Is a family graduation on your calendar this year?
As a faculty member at Florida State College at Jacksonville (then Florida Community College), I attended graduation every year in full regalia with hundreds of ecstatic grads, joyful families, and proud faculty and administration.
The Tawdry Tale
One year stands out though: 2001. State Representative X rose to the podium to deliver the commencement address and announced that his remarks would be short and to the point. Relieved, the audience sat back to enjoy a brief speech entitled A Short Guide to a Happy Life. Hmm . . . the title sounded familiar, I thought. Then he went on to tick off the main points: 1. Don’t confuse life with work. 2. Life is what happens when you are making other plans. 3. If you win the rat race, you are still a rat. . . . Then it dawned on me. I have heard this all before. In fact I’ve read it. Recently. In a book. In a book by Anna Quindlen with the same title. This man with an honorable title in high office is plagiarizing his speech, giving no credit to Quindlen or reference to her book. His whole speech. Boldly. Baldly. With no bones about honesty!
My sense of justice on high alert, I set out to right the wrong. No, to expose the guilty. I contact the campus president in charge of graduation. Yes, she will check up on my suspicion and she does follow through. There are more emails and phone calls, which in the end boil down to the critical question: Where is the audio recording of that address? Alas, it is never un-earthed. We are told the recording mechanism failed (?) and thus no incriminating evidence is available. Sadly, just my words remain which have now fallen. Flat. On deaf ears.
My own college graduation is a distant memory. When I graduated from Eastern Mennonite College with a degree in English, I was still a plain girl, but with a B. A. degree in English education. I don’t remember at all who spoke at the commencement address or what the topic was, but I am sure there was an emphasis on service to others, demonstrating peace while upholding justice, still strong tenets of my alma mater, now Eastern Mennonite University.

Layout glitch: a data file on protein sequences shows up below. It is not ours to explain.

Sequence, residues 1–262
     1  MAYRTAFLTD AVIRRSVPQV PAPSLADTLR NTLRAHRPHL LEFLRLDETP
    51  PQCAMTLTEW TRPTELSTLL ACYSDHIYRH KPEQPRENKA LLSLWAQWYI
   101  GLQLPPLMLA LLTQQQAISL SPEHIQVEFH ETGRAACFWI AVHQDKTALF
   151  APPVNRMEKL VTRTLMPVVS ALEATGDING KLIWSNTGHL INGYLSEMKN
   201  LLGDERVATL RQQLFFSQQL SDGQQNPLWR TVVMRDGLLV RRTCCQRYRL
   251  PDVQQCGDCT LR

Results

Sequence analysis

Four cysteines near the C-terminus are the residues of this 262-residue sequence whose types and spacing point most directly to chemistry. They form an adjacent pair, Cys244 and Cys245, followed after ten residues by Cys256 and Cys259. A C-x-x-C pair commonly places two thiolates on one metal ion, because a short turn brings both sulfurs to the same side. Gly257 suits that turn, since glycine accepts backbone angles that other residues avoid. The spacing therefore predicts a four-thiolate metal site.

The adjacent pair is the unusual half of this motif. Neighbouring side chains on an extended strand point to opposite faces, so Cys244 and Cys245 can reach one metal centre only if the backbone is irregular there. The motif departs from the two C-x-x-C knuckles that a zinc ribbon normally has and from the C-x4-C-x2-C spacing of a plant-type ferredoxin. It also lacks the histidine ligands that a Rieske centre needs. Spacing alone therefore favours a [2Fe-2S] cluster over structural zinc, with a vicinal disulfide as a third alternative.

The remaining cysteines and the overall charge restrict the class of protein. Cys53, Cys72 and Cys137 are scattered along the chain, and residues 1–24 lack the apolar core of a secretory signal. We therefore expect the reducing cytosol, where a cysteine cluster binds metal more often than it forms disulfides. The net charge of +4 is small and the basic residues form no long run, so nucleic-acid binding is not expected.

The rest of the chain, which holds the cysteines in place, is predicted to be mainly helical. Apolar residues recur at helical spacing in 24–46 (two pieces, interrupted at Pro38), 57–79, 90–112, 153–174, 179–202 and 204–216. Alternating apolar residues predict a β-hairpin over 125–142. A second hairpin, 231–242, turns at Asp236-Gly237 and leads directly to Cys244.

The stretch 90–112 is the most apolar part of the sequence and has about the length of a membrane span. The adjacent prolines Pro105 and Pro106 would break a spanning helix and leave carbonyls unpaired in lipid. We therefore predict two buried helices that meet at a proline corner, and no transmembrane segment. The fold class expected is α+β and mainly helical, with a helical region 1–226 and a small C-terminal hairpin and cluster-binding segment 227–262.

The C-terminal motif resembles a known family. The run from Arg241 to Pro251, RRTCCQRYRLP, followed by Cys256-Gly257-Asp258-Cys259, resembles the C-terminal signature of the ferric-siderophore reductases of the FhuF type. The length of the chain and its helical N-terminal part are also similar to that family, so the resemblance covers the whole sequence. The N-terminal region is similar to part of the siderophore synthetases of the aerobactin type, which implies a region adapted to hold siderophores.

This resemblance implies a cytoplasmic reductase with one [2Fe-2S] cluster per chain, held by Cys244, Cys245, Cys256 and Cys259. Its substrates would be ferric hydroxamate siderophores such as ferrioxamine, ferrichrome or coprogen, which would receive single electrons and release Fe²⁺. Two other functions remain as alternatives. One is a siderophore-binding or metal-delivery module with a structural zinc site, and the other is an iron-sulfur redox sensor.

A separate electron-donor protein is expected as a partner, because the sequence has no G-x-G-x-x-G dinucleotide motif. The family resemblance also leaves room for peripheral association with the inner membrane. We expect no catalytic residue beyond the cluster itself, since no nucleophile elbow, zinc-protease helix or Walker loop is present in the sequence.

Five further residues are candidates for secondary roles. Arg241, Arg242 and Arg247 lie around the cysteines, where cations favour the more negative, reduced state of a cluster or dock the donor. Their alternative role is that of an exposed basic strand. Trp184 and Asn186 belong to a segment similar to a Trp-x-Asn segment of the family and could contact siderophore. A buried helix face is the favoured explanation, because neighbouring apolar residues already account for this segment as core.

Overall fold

The Nobel Laureate
Tomorrow another graduation occurs. On Sunday, April 27, 2014 an honorable woman, Leymah Gbowee, co-winner of the 2011 Nobel Peace Prize and a 2007 EMU alumna, will give the 96th annual commencement address at Eastern Mennonite University. Gbowee was the focus of a documentary “Pray the Devil Back to Hell,” which demonstrates how women, both Christian and Muslim confronted then-Liberian President Charles Taylor “with a demand for peace and end a bloody 14-year-old civil war.” Her genius: Gbowee rallied women, all dressed in white from various ethnic groups to lock arms, protest, and over time literally pray the ruthless rebels, including the President, into retreat. They even staged a sex strike which her book describes in more detail. In 2007 Leymah Gbowee received a Master of Arts in Conflict Transformation from the Center for Justice and Peace-building at EMU, also her alma mater. No doubt in her graduation speech she will make reference to her book: Mighty Be Our Powers: How Sisterhood, Prayer, and Sex Changed a Nation at War.
But I can assure you—she has plagiarized neither her book nor her speech!
When have you become outspoken against an injustice? What were the results?
Have you heard of Leymah Gbowee? Anyone else you know with her qualities?